But the multi-tal­ented Maria has a flair for de­sign too, which is ev­i­dent in her Yeoville apart­ment. She’s dec­o­rated it with artis­tic pieces col­lected from her trav­els around the world. She’s es­pe­cially fond of vin­tage, and the pieces that caught her eye have been sourced all over Jo­han­nes­burg. A prized pos­ses­sion is a framed dress her mother knit­ted for her as a child. And of course, there are sev­eral ref­er­ences to Ba­sotho tribal blan­kets too.

Of course, it was only a mat­ter of time be­fore Maria’s cre­ativ­ity stretched be­yond her liv­ing space. She be­gan her de­sign brand with a jew­ellery col­lec­tion in 2007, af­ter the women around her showed in­ter­est in her unique, cus­tom-made adorn­ments. ‘I was home in Maseru and I met David Makoae, who was mak­ing amaz­ing ear­rings. I gave him some ideas, wire and beads, and he added his awe­some skill and cre­ativ­ity. I came back to Jo­han­nes­burg and all my staff and the stylish women in the city wanted them.’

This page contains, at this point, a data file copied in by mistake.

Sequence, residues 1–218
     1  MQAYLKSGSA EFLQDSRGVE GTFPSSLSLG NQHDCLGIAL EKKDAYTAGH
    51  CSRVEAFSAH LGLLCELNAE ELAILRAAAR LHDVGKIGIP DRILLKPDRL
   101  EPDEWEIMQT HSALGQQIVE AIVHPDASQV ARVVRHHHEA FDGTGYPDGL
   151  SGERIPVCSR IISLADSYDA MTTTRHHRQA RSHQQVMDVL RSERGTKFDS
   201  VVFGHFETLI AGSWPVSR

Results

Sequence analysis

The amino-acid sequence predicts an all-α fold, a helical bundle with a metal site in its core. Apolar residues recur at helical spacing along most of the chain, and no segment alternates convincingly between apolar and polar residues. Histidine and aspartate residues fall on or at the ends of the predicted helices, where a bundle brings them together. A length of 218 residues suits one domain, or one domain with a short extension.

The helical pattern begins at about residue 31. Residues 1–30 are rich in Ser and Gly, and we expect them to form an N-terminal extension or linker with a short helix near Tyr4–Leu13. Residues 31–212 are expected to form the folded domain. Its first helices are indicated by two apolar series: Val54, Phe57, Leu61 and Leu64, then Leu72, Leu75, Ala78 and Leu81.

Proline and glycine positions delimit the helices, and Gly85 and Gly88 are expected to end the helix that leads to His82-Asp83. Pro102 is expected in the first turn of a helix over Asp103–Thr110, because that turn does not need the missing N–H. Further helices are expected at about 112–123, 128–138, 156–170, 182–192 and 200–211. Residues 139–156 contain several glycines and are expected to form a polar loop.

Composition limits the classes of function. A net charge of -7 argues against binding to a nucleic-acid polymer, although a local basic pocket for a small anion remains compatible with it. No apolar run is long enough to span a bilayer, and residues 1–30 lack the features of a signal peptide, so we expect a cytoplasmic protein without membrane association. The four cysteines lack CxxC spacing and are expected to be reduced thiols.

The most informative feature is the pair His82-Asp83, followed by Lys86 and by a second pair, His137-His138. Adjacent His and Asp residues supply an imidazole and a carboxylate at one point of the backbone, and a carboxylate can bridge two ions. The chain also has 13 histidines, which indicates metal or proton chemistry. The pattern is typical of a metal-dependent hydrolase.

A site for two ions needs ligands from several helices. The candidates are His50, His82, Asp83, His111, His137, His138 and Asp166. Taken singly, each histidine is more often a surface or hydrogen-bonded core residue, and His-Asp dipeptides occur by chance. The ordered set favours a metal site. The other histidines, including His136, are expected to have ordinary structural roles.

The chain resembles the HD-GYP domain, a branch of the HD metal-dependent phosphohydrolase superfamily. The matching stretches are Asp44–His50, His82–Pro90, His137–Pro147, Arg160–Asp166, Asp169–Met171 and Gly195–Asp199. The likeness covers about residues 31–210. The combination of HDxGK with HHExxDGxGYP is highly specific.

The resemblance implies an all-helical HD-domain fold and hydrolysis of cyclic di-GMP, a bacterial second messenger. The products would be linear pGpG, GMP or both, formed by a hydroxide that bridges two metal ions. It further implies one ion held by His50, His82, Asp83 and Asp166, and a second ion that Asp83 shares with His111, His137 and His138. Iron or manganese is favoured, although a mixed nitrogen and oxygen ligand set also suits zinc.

She thrives on the fast pace of a city that al­lows for creative ex­pres­sion. ‘Jo­han­nes­burg is a make-it-hap­pen city’ – it’s al­lowed me to be so many things. Peo­ple from all around the world are here, ex­plod­ing with en­trepreneur­ship and cre­ativ­ity, and I love watch­ing, and be­ing part of that. This con­ti­nent has an amaz­ing past and present in cul­ture and mu­sic, and that will al­ways be an un­end­ing well of in­spi­ra­tion.’ Be­cause of her strong sense of pan-African­ism, Maria en­sures that she trades with African artists and de­sign­ers, giv­ing them the op­por­tu­nity to tell their sto­ries.